A federal appeals court on Monday threw out construction certificates for the Atlantic Coast Pipeline, likely halting work on the $6 billion project planned by major Southeastern utilities. The Federal Energy Regulatory Commission (FERC) approved the project last year, but the Fourth Circuit Court of Appeals ruled that certification was based on a faulty right-of-way permit awarded by the National Park Service for where the pipeline would cross the Blue Ridge Parkway, a road in Virginia that is part of the National Park system. Continued construction of the line would "violate FERC's certificate of public convenience and necessity," the court warned, and environmental groups pushed FERC to issue a stop-work order for the entire line, as it did last week for the Mountain Valley Pipeline. Developers said they would push NPS to "promptly reissue the permit" to cross the Parkway.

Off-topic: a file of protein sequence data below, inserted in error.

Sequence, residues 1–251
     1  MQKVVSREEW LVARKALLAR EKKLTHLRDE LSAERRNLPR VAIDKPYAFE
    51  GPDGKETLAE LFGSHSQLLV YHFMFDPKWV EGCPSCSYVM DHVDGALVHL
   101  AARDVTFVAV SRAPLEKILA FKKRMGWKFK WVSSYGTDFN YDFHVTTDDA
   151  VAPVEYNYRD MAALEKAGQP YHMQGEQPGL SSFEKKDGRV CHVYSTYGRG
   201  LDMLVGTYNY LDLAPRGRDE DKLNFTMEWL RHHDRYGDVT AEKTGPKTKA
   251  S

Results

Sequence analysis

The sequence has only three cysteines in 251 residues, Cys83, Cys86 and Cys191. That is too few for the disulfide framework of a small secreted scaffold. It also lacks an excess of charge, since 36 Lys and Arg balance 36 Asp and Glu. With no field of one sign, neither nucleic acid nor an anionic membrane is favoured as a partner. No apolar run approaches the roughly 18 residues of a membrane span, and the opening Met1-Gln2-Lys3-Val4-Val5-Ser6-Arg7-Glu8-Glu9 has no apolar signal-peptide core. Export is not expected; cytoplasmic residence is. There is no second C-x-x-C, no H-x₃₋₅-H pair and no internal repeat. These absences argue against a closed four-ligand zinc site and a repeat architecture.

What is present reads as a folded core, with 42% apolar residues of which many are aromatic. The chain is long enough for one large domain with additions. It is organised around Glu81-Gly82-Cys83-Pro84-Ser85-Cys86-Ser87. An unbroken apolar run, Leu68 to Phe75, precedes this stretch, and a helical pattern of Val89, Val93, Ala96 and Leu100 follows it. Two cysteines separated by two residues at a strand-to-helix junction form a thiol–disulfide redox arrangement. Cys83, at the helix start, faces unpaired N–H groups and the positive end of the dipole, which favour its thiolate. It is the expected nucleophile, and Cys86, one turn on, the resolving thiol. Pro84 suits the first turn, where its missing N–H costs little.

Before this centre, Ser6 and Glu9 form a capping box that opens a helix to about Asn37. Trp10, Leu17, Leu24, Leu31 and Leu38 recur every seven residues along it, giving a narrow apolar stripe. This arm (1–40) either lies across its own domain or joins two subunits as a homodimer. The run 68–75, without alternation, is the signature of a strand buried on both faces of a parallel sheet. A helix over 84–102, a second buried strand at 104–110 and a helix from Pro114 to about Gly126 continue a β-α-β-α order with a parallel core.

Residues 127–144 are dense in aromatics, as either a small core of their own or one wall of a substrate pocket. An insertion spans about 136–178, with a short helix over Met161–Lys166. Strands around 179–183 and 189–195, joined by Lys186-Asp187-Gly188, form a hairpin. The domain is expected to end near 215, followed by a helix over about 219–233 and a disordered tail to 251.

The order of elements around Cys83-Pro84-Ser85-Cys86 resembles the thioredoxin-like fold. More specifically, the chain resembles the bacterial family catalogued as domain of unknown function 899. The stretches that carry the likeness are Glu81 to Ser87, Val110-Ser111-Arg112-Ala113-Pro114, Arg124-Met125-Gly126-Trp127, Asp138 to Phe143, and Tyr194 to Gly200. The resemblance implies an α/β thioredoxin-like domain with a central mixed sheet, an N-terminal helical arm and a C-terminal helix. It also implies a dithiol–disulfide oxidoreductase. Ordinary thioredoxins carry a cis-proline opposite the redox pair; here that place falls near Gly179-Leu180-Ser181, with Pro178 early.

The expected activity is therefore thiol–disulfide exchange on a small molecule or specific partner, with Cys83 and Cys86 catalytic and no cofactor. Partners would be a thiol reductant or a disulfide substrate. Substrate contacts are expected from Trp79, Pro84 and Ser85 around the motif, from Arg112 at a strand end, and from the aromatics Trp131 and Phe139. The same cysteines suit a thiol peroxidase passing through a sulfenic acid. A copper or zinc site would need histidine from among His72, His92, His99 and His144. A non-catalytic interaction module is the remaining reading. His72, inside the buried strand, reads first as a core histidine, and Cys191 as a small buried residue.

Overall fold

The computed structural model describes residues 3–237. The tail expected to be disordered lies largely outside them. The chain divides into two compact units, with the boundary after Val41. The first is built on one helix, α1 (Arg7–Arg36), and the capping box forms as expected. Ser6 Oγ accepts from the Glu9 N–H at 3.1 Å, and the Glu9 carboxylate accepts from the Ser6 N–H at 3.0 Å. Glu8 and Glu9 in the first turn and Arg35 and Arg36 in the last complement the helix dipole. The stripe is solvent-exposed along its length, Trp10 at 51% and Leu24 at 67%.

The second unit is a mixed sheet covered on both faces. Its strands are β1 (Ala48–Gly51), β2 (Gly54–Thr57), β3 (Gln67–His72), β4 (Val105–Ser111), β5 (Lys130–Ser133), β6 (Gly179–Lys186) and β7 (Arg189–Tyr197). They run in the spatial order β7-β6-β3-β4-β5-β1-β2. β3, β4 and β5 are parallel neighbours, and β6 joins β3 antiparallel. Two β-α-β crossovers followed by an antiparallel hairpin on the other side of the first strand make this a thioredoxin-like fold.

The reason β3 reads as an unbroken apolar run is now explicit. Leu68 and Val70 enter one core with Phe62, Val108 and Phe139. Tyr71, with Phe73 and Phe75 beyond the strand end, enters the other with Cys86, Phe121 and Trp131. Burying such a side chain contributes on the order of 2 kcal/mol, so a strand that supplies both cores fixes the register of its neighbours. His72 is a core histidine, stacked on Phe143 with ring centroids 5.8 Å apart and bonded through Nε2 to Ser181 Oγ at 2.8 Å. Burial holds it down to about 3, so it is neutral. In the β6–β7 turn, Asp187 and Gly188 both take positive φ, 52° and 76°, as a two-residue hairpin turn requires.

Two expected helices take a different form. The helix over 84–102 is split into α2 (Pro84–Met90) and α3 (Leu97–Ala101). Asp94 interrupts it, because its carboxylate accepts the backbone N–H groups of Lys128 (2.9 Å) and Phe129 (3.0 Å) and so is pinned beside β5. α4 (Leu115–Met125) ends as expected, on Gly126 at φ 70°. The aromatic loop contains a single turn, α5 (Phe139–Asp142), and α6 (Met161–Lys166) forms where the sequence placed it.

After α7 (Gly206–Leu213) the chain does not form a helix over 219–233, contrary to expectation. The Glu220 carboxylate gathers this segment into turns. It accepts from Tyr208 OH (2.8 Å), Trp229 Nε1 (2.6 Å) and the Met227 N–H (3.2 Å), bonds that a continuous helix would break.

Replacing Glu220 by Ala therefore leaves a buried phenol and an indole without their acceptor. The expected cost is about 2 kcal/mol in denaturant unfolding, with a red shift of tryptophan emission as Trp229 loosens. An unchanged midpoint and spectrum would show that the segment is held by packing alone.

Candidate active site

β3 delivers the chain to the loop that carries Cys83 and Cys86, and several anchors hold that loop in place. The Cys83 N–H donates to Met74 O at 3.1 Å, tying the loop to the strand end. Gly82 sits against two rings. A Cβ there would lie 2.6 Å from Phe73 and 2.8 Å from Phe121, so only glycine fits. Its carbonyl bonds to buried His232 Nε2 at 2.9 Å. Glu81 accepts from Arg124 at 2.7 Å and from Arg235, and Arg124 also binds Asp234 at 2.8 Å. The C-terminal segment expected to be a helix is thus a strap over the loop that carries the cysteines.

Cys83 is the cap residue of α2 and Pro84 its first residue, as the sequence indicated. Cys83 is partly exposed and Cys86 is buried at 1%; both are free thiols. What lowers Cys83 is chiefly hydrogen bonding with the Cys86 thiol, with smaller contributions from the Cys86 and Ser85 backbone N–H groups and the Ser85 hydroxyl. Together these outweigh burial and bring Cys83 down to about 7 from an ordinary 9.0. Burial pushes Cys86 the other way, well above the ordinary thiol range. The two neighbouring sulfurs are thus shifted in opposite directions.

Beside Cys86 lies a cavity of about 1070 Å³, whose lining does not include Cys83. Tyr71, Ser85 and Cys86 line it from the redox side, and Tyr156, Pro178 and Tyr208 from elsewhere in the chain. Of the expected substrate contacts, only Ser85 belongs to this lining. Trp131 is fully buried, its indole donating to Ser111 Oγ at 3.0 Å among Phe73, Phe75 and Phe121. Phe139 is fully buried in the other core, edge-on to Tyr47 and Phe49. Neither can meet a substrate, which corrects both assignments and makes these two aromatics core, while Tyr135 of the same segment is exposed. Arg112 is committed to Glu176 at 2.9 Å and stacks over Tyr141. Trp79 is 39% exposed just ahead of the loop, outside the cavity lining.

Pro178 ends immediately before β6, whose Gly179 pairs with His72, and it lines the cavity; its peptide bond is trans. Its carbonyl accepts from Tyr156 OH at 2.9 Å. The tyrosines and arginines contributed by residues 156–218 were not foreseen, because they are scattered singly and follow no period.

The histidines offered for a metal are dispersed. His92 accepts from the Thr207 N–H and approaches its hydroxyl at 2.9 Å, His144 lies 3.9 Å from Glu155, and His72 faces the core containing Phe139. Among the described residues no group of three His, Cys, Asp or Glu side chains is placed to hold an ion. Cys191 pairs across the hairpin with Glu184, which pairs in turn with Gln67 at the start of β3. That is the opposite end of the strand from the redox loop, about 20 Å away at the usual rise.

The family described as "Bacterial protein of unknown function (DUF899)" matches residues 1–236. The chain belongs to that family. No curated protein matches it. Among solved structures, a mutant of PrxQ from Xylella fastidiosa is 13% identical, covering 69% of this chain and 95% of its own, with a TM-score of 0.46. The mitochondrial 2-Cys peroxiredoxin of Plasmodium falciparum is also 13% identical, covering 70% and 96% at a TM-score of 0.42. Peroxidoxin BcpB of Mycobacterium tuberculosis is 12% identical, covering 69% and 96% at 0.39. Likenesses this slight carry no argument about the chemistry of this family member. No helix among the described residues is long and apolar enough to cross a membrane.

Massachusetts Lawmakers Pass Bill that Opens New Prospects for Microgrids

Microgrid Knowledge | Posted on August 8, 2018

Energy insiders see the emergence of new microgrid opportunities in Massachusetts from clean energy legislation passed last week and now awaiting the signature of Gov. Charlie Baker.An Act to Advance Clean Energy (H.4857) won unanimous Senate support and near-unanimous House support, with only one nay vote. The legislation opens up prospects for microgrids via several pro-distributed energy initiatives.“HR 4857 is a positive for microgrids, storage, combined heat and power, and cogenerated district energy,” said Jack Griffin, vice president and general manager of Boston-based SourceOne.

Degrading plastics revealed as source of greenhouse gases

Science Daily | Posted on August 2, 2018

Researchers have found that several greenhouse gases are emitted as common plastics degrade in the environment. Their study reports the unexpected discovery of the universal production of greenhouse gases methane and ethylene by the most common plastics when exposed to sunlight.

Biodiesel Challenges Waivers in Court

DTN | Posted on August 1, 2018